4. Add all the spice powders – chili powder, coriander powder, garam masala and turmeric powder. Cook until the tomatoes are totally mushy. You can add a tablespoon or two of water if the curry sticks to the bottom of the pan.
  5. Add the cooked dal along with the water in which it was cooked. Season with salt and let it come to a boil.
  6. You might want to add more water to bring it to the consistency you want. Start with half cup and then take it from there.
  7. Check the seasonings and adjust according to your preference. Cover and cook for 4-5 minutes.
  8. Take off the heat. Serve with rotis, rice or even idli and dosa. I tried it with them all and it tasted yummy every time!

 

masoor4
This recipe goes to Blogging Marathon 55, under healthy dinner recipes.

Check out the Blogging Marathon page for the other Blogging Marathoners doing BM# 55

10 Comments

Filed under Side Dishes

Tres leches II

IMG_8740

If I have to choose one character from literature I can identify myself with, it won’t be superman, spider man or wonder woman. That character would be Anne of Green gables. Not the later books where she grows up to be a sensible woman, but the first one where she is a simple yakkety yak and messes up a lot of things.

Anne gets her best friend Diana drunk by serving red wine under the assumption that it was raspberry cordial. Later she makes a beautiful layer cake for  Mrs. Allen whom she adores. The only thing was – instead of vanilla, she mixes anodyne liniment (a medicine) and the cake tastes awful. The sweet lady that Mrs. Allen is, she eats the cake to spare Anne’s feelings. But her guardian Marilla finds out about the disaster and Anne is mortified. I have had my fills of cake disasters to know what it feels like!

Now this cake is not Anne’s layer cake with liniment. It’s a different version of Tres leches cake, a much simpler one, I might add. This cake wasn’t a disaster as well. In fact it was a big hit, even I liked it a lot, which is becoming rare nowadays.

Coming back to Anne, its a wonderful book and a great read for kids and adults alike. I haven’t read all the books, but have read the first two books again and again. It’s almost like I don’t want her to grow up, instead happier where she is a kid..a feeling that crops up in real life also at times, I guess :-)!

IMG_8734

Recipe source: All recipes

Makes : 9X13″ cake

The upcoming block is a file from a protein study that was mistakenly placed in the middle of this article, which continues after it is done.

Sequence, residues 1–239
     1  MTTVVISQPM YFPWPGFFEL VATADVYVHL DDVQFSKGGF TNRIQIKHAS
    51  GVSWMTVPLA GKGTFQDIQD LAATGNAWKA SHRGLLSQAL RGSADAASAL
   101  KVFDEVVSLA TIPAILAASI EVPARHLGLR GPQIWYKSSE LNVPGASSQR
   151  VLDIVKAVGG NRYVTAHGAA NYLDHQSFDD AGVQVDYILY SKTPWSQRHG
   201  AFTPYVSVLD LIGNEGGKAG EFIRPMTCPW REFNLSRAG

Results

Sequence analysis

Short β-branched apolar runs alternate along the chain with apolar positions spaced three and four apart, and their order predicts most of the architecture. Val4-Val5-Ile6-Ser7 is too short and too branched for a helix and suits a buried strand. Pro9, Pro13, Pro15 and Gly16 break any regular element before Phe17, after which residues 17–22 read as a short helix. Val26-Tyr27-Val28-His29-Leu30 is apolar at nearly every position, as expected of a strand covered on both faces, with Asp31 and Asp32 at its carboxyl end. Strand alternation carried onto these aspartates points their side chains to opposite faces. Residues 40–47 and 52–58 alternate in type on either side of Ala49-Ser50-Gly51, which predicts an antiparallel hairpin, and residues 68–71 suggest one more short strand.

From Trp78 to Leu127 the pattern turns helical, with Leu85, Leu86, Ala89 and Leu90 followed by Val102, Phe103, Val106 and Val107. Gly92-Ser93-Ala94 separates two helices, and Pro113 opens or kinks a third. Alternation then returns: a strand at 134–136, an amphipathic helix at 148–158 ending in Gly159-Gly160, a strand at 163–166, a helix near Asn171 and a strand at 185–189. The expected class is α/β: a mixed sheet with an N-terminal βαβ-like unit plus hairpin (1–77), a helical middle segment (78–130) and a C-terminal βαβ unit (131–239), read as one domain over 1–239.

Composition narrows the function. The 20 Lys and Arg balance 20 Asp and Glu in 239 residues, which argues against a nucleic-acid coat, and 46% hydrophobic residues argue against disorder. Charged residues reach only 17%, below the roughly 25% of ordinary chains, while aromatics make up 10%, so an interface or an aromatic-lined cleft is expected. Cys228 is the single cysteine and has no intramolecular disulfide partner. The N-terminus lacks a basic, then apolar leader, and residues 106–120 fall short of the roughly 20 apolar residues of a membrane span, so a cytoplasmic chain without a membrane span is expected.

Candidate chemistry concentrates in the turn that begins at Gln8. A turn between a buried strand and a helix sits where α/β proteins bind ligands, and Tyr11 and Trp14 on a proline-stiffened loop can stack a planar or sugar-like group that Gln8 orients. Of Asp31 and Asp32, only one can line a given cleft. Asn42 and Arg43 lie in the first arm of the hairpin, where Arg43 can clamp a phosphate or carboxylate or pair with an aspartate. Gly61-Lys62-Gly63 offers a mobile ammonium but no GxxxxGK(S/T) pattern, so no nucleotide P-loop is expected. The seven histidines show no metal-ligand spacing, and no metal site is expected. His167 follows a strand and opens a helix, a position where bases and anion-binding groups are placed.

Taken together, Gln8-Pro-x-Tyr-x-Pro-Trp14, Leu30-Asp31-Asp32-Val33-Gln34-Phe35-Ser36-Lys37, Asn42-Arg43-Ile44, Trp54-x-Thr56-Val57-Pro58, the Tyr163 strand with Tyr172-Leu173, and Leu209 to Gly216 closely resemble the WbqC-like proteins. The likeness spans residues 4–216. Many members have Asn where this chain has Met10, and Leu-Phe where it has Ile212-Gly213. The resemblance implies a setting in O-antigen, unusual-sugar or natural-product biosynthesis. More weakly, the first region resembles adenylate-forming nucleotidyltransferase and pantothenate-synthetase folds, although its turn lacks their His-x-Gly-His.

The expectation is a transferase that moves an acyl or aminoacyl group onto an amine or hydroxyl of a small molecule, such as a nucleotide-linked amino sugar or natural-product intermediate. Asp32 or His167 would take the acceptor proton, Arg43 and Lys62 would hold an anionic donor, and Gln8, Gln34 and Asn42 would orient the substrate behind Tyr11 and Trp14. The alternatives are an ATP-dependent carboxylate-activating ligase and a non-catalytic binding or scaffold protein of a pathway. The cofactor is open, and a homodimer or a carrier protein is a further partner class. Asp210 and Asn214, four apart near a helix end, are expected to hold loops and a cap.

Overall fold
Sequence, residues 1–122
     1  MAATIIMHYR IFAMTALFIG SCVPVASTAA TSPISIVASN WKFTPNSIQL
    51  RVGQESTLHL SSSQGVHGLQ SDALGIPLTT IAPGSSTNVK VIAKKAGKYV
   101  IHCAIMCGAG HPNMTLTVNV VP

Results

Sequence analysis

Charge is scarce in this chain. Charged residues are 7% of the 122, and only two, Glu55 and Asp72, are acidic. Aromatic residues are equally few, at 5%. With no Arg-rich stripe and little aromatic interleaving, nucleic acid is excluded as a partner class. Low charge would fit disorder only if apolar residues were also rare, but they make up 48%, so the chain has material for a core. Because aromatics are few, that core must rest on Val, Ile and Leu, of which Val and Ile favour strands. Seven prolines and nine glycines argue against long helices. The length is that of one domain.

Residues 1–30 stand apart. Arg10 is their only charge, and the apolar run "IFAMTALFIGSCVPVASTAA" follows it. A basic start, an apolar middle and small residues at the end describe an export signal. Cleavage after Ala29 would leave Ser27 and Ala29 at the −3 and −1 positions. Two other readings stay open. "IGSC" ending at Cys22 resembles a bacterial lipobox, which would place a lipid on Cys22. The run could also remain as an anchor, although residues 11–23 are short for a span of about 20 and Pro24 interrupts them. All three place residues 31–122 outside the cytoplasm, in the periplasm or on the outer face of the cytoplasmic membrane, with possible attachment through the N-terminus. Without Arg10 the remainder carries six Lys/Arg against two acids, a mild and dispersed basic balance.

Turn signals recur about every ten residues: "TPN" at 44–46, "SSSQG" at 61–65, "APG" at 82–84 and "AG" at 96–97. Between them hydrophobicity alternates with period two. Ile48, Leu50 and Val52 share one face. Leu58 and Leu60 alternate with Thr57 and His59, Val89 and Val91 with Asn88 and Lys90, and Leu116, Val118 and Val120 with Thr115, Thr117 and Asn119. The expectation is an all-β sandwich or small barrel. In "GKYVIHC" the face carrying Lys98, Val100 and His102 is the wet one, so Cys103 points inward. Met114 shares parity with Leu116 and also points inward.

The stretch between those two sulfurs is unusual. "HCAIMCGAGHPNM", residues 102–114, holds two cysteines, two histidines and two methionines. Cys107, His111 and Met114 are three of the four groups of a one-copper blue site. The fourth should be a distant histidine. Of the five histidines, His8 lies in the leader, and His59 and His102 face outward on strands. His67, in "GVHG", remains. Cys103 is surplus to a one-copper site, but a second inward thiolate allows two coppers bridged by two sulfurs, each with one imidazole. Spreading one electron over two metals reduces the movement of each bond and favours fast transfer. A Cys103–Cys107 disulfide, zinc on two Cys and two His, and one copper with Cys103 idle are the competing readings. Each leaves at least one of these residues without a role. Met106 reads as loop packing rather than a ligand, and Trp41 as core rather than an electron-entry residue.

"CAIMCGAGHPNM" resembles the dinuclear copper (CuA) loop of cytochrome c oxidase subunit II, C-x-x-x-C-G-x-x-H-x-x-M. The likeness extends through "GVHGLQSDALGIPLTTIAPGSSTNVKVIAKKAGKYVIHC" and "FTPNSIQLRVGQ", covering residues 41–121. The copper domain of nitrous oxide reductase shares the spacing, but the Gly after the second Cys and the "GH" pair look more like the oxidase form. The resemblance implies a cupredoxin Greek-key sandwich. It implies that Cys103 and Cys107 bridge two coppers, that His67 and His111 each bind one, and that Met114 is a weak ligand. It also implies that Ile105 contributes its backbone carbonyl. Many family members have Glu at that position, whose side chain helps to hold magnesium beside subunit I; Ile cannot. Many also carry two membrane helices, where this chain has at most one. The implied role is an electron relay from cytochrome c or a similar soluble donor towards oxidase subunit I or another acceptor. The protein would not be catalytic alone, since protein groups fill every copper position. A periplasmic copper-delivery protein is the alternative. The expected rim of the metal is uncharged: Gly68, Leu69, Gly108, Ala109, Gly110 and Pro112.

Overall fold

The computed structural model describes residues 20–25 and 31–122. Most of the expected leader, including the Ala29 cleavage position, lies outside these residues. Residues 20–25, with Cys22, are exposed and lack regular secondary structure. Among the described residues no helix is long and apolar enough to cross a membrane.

Ingredients:

  • 1 1/2 cups all purpose flour/maida
  • 1 teaspoon baking powder
  • 1/2 cup/1 stick/110 gms unsalted butter, softened
  • 1 cup white sugar
  • 5 eggs
  • 2 teaspoons vanilla extract

The three milk syrup

  • 2 cups whole milk
  • 1 (14 ounce) can sweetened condensed milk
  • 1 (12 fluid ounce) can evaporated milk (substitute cream or even skip this)

Frosting

  • 2 cups heavy whipping cream
  • 1 cup white sugar
  • 1 teaspoon vanilla extract

Method:

  1. Heat oven to 350F/180C. Grease a 13X9 baking pan. I used an aluminium food tray with lid, making it convenient for travel.
  2. Using a hand or stand mixer, beat the softened stick of butter and with one cup sugar until its creamy and fluffy. Add all the five eggs and 2 tsp vanilla extract (ideally, one at a time, but you will be adding the flour later, so even if the mix curdles, its going to be okay) and mix until its incorporated well.
  3. Add 1 teaspoon baking powder and mix well again.
  4. Add flour in 1/4 cupful batches and keep mixing until its all well blended. Pour the batter into the prepared pan and bake for about 30-35 minutes or until a skewer inserted in the middle comes free of crumbs.
  5. Once the cake is baked fully, take it out of the oven and let it cool completely.
  6. Prepare the tres leches syrup in the meantime. Combine the whole milk, condensed milk and evaporated milk together. Keep refrigerated until the cake cools down.
  7. Pierce the cake with fork all over. Add the prepared syrup over the cake.
  8. For a simple topping, whip the cream with sugar and vanilla extract until thick and spread on top. I went for rose swirls.

Note:

  • This cake needs to be refrigerated until the time of serving.
  • The syrup will ooze out and that’s the way its supposed to be.
  • Whipped cream with strawberries or cherries on top is one of the ways to decorate the cake.
  • The cake should be served on a plate or on a bowl because of the syrup.

IMG_8744

Linking this entry to Valli’s Kid’s Delight, hosted by PJ this month. The theme is ‘Cooking from Storybooks/TV shows’.

11 Comments

Filed under Cakes and Bakes, Sweets and Desserts

Palak Khichdi

IMG_9845

Most of my knowledge about Indian mythology is from Amar chitra katha, the Indian comics. Interesting stories presented with beautiful pictures,  never fails to hit the mark!

Not just mythology, you had a lot of history based, folk based and even humor based stories. Now, the last category holds a special place  in my heart. Stories of the funny Tenali Rama or the wisdom laced humor of Birbal always leave you wanting more!

This khichdi is inspired from a Birbal story. On their morning walk around a cold lake in winter, a debate gets started whether someone would be so crazy as to stay in the water for a whole night in return for a reward. To test this out, Akbar announces the challenge to the public and soon someone accepts it.

That guy spends the whole night in the cold water with some guards around him to ensure that he doesn’t cheat. The next morning, Akbar asks him how he survived the night and he replies that he focused his sight and mind solely on a far away lamp to get him through the challenge. Akbar gets irked by the answer and decides not to pay the reward on the grounds that the lamp kept him warm.